Fall 2014 Course Offerings

Greek and Roman Civilization and Classical ArchaeologyGreek and Roman Civilization and Classical Archaeology

    • 201. Introduction to Classical Civilization (3).
      Introductory survey of civilization of ancient Greece and Rome. Includes aspects of history, literature, art and archaeology, philosophy and religion. Writing-emphasis course. Satisfies General Education Requirement: (CC).
    • 222. Classical Greek and Roman Mythology (3).
      Use of myth in literature, history, religion and philosophy of Greece and Rome from about 450 BCE to about 350 CE. Course focuses on the latter half of the fifth century BCE and the last quarter of the first century BCE. Covers Eastern intrusions such as Christianity. Writing-emphasis course. Satisfies General Education Requirement: (AH).
    • 232. Archaeology and Art of Ancient Greece and Rome (3).
      Survey from the earliest human presence in the Mediterranean to the end of the Roman Empire (c. 200,000 BCE-476 CE). For prehistoric times emphasis on material remains and anthropological theory used to recreate the cultures of the Minoans, Mycenaeans, Dark Age Greeks, and Etruscans. For the historical Greek and Roman periods emphasis on developments in architecture, sculpture, vase painting, wall painting, mosaics, and minor arts. Relationship of art to society. Writing-emphasis course. Satisfies General Education Requirement: (AH).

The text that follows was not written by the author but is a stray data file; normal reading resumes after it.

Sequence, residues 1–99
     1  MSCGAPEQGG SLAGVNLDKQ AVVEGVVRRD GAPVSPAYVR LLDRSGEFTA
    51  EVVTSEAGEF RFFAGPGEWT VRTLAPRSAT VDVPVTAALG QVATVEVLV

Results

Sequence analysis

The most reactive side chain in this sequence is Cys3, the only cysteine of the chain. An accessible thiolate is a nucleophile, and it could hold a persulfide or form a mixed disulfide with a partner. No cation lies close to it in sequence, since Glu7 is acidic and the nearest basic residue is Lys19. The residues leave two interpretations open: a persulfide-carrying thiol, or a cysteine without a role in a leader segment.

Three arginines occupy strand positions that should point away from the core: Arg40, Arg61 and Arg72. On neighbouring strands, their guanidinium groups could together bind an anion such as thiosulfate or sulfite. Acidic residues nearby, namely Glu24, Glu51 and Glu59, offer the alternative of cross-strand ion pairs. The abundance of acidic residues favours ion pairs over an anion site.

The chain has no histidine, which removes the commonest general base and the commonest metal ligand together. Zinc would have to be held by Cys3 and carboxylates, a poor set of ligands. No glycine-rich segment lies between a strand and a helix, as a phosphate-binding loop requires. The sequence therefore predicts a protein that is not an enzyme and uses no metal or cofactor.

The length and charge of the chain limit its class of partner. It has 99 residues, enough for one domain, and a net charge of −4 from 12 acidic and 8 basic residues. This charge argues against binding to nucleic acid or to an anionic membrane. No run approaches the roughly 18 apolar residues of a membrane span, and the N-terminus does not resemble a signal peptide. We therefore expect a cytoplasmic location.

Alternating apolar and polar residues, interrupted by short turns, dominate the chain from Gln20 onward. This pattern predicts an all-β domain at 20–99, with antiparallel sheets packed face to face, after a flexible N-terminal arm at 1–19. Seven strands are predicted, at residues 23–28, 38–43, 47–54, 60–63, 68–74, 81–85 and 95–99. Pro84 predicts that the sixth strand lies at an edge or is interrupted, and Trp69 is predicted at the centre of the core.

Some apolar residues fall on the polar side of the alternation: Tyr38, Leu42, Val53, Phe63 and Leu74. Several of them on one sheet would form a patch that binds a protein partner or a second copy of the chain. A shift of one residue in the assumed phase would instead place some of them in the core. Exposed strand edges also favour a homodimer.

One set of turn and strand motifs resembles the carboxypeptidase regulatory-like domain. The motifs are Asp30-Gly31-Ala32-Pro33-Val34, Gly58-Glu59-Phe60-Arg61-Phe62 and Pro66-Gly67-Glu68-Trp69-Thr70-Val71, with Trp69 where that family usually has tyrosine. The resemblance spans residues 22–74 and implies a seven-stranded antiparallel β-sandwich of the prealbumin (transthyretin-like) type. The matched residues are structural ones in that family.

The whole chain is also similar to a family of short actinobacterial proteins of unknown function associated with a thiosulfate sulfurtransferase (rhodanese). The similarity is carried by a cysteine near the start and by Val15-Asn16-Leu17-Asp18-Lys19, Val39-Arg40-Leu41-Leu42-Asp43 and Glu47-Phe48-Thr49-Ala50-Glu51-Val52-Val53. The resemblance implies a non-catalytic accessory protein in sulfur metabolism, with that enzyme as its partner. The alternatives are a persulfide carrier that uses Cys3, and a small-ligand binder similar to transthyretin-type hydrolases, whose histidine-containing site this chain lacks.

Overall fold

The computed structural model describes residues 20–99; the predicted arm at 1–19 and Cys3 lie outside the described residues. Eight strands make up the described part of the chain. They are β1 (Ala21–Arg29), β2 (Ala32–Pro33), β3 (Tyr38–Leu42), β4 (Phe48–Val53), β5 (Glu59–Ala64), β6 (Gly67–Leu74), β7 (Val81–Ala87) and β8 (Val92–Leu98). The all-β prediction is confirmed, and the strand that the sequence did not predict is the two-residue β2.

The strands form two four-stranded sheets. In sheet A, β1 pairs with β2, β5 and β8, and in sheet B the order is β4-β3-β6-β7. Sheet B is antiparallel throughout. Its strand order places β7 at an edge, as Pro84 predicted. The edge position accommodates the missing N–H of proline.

• 253. Greek and Roman Literature in English Translation (3).
      Major literature of ancient Greece and Rome from Homer to Tacitus. Writing-emphasis course. Satisfies General Education Requirment: (AH).
    • 273. Medical and Scientific Terminology (3).
      Greek and Latin roots from which medical and scientific terminology is derived. Extensive practice in analysis of terms. Practice in use of Latin nomenclature. This course is self-paced and internet-based 
    • 304. History of the Roman Empire (3).
      Roman history, 27 BC-AD 211. Age of Augustus; expansion of Roman citizenship; Flavian and Antonine dynasties; barbarians and Romans; the Second Sophistic; the Severans. Writin-emphasis course.
    • 345. Greek and Roman Religion (3).
      An in-depth examination of religion among the Greeks and the Romans. Attention is given to cult sites, state religious calendars and ceremonies, religion in the daily lives of people, and the interplay of ancient Near Eastern and Egyptian religions with Greek and Roman religious beliefs and practices. Reading and study of primary sources in translation. Writing-emphasis course.
    • 382. Roman Civilization (3).
      Major aspects of ancient Roman civilization: political institutions, art and architecture, history, culture and daily life, emphasizing the late Republic and early Empire. Writing-emphasis course. 
    • 384. Gender and Sexuality in Ancient Rome (3).
      Examines the Roman view of gender roles and sexuality. Evidence from literature, epigraphy, and material culture is used to consider what the ideals of behavior were for Roman women and men, what constituted deviation from these ideals, and how real Romans may actually have behaved. Writing-emphasis course.
    • 436. Cities and Sanctuaries of the Greek and Roman World (3).
      Major cities and sanctuaries in Greece, the Greek Colonies, and the Roman Empire. Approach is archeological, focusing on physical evidence - landscape, architecture and artifacts as well as descriptions of ancient authors. Cities include various types - planned and unplanned, seaports, caravan centers, government and commercial centers. The sanctuaries also vary in function including prophetic centers, athletic centers, theater centers, and healing centers. Writing-emphasis course.